Mechanisms of Shigella flexneri dissemination through double membrane vacuole escape

Author: ORCID icon
Weddle, Erin, Microbiology - School of Medicine, University of Virginia
Agaisse, Hervé, MD-MICR Microbiology, University of Virginia

Shigella flexneri is an important human pathogen that causes the severe diarrheal disease, bacillary dysentery and accounts for 270 million and nearly 200,000 deaths per year. S. flexneri invades colonic epithelial cells and hijacks the host actin cytoskeleton to move in the cytosol of infected cells and disseminate to neighboring cells through a process called cell-to-cell spread. The bacterial type three-secretion system (T3SS) is required for cell-to-cell spread and escape from double membrane vacuoles (DMVs) in the adjacent cell. Before my thesis work, very little was known about the mechanisms that facilitate DMV escape. My thesis work has uncovered multiple factors, both host and bacterial, that contribute to S. flexneri DMV escape. We characterized two T3SS effectors, IcsB (Chapter 2) and IpgB1 (Chapter 3), during cell-to-cell spread. IcsB, via its acyltransferase activity, is required for efficient DMV escape and cell-to-cell spread through an unknown mechanism that does not involve host autophagy, a process that IcsB was proposed to modulate. IpgB1, via its guanine nucleotide exchange factor (GEF) activity, facilitates cell-to-cell spread through its target small GTPase, Rac1, to antagonize RhoA-mediated restriction of DMV escape. We also found a novel host factor, lysophospholipase 2 (LYPLA2) that plays a role in DMV escape (Chapter 4) during cell-to-cell spread. LYPLA2 hydrolyzes long chain fatty acids from membrane lysophospholipids and membrane-anchored proteins. My work has provided characterization of the first bacterial and host factors required for efficient DMV escape during S. flexneri cell-to-cell spread and offers novel insights into the mechanisms of S. flexneri pathogenesis.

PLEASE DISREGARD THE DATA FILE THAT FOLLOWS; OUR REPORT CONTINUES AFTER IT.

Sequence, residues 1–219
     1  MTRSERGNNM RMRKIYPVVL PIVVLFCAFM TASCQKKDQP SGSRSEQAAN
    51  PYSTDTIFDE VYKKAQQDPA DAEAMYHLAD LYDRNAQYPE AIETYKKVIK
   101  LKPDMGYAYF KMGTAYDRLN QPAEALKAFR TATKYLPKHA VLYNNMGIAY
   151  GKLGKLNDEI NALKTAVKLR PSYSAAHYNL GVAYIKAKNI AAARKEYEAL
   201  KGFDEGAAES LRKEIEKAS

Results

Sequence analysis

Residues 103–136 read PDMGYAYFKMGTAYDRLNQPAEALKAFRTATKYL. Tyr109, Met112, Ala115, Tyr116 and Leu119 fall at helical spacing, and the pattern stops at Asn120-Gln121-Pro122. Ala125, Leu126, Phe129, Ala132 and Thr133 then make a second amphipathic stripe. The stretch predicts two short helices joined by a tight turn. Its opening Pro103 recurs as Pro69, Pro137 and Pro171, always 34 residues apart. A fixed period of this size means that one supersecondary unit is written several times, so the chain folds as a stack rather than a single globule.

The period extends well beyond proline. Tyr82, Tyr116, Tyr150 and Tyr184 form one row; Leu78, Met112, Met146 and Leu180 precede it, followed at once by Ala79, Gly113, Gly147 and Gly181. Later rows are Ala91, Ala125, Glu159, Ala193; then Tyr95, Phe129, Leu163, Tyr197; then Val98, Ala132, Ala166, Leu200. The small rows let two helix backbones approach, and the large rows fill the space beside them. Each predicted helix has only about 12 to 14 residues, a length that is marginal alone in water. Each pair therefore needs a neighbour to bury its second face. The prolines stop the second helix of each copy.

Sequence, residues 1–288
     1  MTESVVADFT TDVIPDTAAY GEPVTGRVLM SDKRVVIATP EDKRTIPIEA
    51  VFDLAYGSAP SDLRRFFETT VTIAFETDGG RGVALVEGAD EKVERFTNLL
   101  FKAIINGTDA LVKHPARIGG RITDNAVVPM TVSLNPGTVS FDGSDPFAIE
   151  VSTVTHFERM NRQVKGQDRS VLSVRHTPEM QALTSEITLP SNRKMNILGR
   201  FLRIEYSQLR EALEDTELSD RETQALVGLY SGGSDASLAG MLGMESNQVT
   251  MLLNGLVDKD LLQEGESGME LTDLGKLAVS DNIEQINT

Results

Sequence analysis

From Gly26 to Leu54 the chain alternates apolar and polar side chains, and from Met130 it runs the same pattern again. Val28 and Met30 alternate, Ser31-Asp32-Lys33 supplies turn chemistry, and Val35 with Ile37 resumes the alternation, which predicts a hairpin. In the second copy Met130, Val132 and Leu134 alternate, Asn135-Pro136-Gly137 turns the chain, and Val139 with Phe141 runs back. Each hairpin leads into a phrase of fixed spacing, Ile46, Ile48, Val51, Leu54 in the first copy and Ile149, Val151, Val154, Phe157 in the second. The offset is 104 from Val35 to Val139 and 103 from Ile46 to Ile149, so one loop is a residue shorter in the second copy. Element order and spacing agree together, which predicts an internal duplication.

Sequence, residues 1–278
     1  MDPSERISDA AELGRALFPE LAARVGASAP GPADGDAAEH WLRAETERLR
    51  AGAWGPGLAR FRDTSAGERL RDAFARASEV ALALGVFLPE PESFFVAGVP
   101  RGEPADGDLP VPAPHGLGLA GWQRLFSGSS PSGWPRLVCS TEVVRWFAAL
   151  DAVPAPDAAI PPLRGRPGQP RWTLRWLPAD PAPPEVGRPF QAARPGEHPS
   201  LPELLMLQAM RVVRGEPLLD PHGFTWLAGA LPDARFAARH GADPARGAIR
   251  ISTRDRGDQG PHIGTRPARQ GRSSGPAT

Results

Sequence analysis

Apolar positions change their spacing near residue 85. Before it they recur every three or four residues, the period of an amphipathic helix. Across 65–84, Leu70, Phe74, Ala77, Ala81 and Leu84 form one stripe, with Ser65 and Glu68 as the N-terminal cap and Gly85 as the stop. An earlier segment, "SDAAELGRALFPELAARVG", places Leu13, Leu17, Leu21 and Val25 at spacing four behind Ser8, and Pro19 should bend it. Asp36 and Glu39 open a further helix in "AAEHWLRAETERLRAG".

PHD (Doctor of Philosophy)
host-pathogen interactions, Rho family GTPases, Shigella, bacillary dysentery, Lysophospholipase, vacuole escape, type-three secretion system, cell-to-cell spread
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